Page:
Don't Kill The Magic
Isolate and Medicate
It's interesting that Stone Temple Pilots would release a self-titled album nearly 20 years into their career (following a lengthy hiatus, of course). Funny then, that it's the album where they sound the least like themselves. Of course this is a band that has continuously evolved and toyed with new styles from album to album, but they've never sounded like they were deliberately mimicking other artists as much as they do here. Vocalist Scott Weiland and other members have talked about this album having a heavy '60s vibe, and they weren't kidding. However there's also plenty of big '70s arena rock and hints of blues and glam thrown in too, yet very little of the '90s alternative that STP are known for. There's the obvious Beatles-inspired cuts like "Bagman" (which also may remind you of the "Batman" theme song, given how Weiland sings the title), while "Huckleberry Crumble" perfectly duplicates Aerosmith's groovy swagger. There's dashes of Cheap Trick, Zeppelin and The Doors as well, and if Weiland wasn't trying to sound just like Bowie on penultimate track "First Kiss On Mars", I'll stop writing about music.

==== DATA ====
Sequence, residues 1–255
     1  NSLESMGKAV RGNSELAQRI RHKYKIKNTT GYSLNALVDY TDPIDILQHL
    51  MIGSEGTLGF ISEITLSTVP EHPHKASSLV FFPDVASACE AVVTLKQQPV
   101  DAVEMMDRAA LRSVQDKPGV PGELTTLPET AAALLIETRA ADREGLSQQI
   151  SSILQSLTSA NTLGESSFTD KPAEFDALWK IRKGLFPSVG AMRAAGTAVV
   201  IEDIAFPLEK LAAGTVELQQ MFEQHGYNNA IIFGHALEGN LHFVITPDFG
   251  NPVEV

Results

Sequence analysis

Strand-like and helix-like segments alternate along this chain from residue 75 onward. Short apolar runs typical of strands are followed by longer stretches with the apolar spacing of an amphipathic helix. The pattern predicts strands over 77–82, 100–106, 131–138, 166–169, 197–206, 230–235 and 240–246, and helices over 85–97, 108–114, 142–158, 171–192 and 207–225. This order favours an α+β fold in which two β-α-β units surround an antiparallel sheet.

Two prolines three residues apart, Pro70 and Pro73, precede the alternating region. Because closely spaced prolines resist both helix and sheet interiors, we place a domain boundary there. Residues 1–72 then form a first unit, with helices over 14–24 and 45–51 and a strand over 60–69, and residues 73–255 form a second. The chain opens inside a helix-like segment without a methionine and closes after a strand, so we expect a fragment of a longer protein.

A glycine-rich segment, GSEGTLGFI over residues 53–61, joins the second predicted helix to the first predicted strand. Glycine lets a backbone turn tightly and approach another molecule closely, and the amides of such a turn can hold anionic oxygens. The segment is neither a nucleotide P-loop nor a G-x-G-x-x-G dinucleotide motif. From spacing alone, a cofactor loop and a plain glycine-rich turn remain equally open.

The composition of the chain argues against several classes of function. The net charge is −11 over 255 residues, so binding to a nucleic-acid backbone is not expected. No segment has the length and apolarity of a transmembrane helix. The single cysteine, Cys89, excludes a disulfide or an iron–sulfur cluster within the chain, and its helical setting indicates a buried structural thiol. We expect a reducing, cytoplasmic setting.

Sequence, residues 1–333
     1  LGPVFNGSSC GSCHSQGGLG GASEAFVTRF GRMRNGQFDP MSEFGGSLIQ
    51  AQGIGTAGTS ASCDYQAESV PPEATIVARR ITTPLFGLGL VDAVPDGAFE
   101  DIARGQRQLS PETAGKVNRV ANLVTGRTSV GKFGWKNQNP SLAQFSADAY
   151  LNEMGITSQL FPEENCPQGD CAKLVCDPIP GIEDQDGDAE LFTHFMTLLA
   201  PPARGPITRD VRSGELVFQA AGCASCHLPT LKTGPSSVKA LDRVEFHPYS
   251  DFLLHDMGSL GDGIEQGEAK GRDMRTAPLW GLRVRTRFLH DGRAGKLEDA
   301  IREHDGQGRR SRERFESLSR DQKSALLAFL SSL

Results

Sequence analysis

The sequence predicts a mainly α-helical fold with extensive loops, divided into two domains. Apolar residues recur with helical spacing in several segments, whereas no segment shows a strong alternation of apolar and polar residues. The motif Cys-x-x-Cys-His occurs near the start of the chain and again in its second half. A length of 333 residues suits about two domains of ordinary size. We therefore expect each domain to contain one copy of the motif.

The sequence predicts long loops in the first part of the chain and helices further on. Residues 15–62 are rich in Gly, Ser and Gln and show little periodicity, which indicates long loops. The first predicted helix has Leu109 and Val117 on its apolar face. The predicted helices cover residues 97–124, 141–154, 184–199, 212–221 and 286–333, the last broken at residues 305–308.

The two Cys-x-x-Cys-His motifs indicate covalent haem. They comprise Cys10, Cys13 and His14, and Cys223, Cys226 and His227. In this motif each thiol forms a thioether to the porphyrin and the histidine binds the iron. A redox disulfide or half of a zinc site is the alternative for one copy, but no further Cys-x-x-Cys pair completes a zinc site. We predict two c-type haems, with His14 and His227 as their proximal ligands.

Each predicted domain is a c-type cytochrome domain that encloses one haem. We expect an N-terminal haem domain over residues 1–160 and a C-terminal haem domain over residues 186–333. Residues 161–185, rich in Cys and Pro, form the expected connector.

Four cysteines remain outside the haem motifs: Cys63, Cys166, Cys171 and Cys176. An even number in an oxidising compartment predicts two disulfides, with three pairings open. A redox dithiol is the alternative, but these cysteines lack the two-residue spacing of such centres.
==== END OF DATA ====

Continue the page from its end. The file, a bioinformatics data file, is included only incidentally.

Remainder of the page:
Those observations aside, however, this album still brings some truly excellent stuff to the table. Weiland is in fine form throughout, sounding much more comfortable here than he ever did in Velvet Revolver, while Robert DeLeo remains one of the most underrated and creative bassists in rock music. Yet it's guitarist Dean DeLeo who might be the MVP of this album, contributing a slew of meaty riffs and a few rip-roaring solos. The breezy pop-rock of "Cinnamon" and the piano-assisted closer "Maver" are sleeper highlights, but the truth is if you can deal with all of the heavy-handed influences, there's plenty of good music here. Stone Temple Pilots may be having an identity crisis, but they can still show you a pretty good time.